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Swiss politics splits down the centre

Social Democrat Christiane Brunner and Christoph Blocher represent opposite ends of the spectrum

(swissinfo.ch)

With six months before the general election, Switzerland's political landscape is becoming increasingly polarized, with voters deserting the centre parties.

The left-leaning Social Democratic Party and the right-wing Swiss People's Party emerged the main winners of this weekend's regional elections.

The two other main parties, the centre-right Radicals and Christian Democrats lost votes, in what commentators say is likely to mirror national voting patterns in the October elections.

"In 70 per cent of cases, the trends in cantonal elections are reflected nationally," Andreas Ladner, political analyst at Bern University, told swissinfo.

"We can expect the Swiss People's Party to gain more votes in the national elections in autumn. They might get 25 per cent.

"The Social Democrats will probably gain as well and it will be very difficult for the parties in the middle - the Radicals and the Christian Democrats - not to lose votes and seats."

More seats

The Social Democrats won 16 additional seats in the parliaments of cantons Zurich, Lucerne, Ticino and Appenzell Outer Rhodes.

The party also increased its percentage of the vote in Italian-speaking canton Ticino, becoming the third most popular party in the canton.

Meanwhile, the People's Party won 13 more seats. The right-wing party boosted its share of the vote in a number of cantons, including Ticino where it made gains at the expense of the right-wing Lega dei Ticinesi.

In French-speaking Switzerland, the People's Party has also begun making inroads. For the first time in the party's history, it won seats - nine in total - in the Geneva city parliament at the end of March.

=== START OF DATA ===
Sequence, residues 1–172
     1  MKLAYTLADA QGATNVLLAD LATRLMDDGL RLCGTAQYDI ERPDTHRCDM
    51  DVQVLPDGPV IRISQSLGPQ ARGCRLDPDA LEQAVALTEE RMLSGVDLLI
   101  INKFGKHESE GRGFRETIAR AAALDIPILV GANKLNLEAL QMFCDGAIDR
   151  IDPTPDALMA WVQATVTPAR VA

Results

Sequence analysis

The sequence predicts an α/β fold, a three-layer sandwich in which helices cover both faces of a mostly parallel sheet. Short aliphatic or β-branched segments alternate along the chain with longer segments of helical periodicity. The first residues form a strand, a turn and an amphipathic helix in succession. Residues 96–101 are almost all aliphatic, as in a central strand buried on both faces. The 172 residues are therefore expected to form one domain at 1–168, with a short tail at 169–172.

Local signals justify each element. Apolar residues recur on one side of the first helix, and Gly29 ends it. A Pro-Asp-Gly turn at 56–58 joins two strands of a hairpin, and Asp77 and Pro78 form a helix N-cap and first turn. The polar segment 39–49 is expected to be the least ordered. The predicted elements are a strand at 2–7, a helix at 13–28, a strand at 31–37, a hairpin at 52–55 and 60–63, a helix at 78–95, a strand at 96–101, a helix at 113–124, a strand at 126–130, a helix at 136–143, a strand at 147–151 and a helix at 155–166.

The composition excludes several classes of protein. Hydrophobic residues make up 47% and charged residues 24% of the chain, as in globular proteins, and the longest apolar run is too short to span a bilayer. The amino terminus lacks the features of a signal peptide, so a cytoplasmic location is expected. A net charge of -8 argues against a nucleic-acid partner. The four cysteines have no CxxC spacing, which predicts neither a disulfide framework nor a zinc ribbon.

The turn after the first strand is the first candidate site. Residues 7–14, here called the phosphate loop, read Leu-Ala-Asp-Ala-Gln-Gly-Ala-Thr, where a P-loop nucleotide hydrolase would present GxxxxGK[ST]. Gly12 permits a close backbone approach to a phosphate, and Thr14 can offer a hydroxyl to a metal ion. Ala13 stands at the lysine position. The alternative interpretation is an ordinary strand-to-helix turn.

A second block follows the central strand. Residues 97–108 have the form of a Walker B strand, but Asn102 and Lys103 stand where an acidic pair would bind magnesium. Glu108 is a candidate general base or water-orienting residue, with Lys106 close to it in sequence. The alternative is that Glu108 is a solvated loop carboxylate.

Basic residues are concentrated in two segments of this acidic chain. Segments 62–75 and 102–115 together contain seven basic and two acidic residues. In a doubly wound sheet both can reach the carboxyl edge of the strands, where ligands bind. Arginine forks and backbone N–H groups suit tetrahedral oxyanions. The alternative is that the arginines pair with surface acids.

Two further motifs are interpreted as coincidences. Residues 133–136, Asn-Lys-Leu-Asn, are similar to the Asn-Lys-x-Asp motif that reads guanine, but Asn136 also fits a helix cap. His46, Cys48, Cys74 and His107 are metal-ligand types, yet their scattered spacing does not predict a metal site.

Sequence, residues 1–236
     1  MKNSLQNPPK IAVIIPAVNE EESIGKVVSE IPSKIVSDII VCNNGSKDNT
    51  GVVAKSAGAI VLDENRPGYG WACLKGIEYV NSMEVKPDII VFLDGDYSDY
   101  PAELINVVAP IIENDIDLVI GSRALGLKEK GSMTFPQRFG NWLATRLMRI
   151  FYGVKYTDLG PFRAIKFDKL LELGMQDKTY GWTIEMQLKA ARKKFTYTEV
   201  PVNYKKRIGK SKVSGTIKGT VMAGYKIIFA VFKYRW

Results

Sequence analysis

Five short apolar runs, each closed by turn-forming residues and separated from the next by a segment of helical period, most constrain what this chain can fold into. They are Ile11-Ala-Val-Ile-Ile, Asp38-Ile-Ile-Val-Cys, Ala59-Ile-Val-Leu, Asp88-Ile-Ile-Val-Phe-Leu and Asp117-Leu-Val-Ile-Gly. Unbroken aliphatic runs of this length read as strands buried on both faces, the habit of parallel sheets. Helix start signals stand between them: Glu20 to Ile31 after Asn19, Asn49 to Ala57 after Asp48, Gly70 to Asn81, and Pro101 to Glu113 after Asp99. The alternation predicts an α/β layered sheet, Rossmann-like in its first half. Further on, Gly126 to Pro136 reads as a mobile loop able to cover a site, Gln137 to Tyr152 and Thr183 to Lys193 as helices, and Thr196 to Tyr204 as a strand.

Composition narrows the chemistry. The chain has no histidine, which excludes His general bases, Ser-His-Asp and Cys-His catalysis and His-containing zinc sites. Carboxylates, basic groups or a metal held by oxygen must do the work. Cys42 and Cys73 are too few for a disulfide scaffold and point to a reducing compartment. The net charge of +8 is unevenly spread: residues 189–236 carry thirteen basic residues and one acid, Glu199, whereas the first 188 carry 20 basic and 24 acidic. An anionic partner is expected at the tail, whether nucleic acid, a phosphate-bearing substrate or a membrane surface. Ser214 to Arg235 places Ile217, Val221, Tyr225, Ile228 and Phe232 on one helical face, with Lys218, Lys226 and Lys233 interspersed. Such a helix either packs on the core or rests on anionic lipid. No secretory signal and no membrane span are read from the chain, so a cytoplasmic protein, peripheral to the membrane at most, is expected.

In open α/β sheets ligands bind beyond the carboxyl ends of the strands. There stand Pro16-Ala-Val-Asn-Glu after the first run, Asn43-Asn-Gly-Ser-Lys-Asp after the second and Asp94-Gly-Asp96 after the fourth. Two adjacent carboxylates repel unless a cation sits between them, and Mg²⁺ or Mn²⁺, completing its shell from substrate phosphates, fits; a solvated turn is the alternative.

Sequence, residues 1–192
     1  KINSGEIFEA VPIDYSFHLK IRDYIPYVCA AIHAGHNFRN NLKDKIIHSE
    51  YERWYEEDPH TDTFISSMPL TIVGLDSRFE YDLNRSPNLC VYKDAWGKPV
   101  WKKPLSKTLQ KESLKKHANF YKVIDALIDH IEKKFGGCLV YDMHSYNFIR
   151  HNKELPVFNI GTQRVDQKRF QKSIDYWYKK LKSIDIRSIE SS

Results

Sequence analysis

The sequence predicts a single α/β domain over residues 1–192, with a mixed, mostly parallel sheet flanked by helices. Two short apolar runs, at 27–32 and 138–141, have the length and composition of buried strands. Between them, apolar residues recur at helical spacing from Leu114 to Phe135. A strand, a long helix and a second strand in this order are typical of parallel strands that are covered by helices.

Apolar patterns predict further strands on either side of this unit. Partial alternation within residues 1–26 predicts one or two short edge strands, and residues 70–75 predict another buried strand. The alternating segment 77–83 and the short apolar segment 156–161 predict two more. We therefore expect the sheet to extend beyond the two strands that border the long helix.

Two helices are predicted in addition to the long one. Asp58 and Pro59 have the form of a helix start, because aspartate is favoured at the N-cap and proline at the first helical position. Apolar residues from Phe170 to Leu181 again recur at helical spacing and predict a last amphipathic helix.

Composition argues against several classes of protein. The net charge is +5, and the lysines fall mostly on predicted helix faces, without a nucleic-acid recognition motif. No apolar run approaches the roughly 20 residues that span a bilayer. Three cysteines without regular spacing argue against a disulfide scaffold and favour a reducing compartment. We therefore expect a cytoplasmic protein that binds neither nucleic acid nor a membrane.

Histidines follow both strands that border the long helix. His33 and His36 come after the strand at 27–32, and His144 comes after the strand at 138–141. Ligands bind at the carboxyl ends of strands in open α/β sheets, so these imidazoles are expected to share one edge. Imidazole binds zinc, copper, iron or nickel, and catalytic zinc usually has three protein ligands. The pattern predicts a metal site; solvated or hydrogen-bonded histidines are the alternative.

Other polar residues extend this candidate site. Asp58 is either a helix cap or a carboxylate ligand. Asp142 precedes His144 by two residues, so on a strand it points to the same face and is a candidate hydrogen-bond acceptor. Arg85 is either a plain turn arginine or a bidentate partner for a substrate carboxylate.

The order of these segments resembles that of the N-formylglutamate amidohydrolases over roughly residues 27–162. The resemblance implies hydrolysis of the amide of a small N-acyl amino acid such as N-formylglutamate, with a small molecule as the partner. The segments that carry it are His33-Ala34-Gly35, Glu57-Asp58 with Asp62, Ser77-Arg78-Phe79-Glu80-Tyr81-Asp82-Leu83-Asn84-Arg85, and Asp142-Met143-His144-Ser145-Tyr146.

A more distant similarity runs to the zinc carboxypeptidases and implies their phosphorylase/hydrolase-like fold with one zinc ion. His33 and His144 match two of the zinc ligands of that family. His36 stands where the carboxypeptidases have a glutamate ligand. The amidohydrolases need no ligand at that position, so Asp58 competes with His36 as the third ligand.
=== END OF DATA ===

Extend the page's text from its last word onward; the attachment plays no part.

Barometer

In Zurich, which is seen as a barometer of the national mood, the Social Democrats gained ten seats in the cantonal parliament, taking their total to 53, and succeeded in getting another member into the cantonal government.

Meanwhile, the Swiss People's Party consolidated the huge gains it made four years ago, winning an extra seat and taking their total to 61.

"The bad economic situation and high unemployment mobilised Social Democrat voters and those from the People's Party, " said Pascal Sciarini, a professor at the Swiss Graduate School of Public Administration in Lausanne.

Local concerns played a part too - not least the debate over noise levels at Zurich airport.

Mismanagement

Inept mismanagement in some high profile Swiss companies also tainted the Radicals who lost six seats in the cantonal parliament.

Meanwhile, the Christian Democrats not only lost their seat in the cantonal government but are now the fifth force in Zurich politics behind the Green Party.

"If we look at the political landscape where the Christian Democrats are still represented and strong, we realise that they are almost absent in the important centres of the country. To that extent they can hardly be considered a national party anymore," said Ladner.

The People's Party is already the second biggest faction in the House of Representatives and will almost certainly call again for a second seat in the federal government after October's elections.

Under the "Magic Formula" - a power sharing arrangement in place since 1959 - the People's Party has only one seat in the seven-member cabinet, with the other three main parties holding two each.

Ladner believes that this will only happen when one of the two Christian Democrats in the government retires or if the number of seats is increased.

Voter turnout in Zurich was an all time low of 35 per cent reflecting, say some commentators, a growing mood of political disenchantment in Switzerland.

swissinfo, Vincent Landon

In brief

Social Democratic Party and Swiss People's Party won the weekend's regional elections.

Radicals and Christian Democrats lost votes.

Commentators say the trend is likely to be mirrored in October's general elections.

The results suggest an increasing polarisation of Swiss politics.

Voter turnout in Zurich was only 35 per cent.

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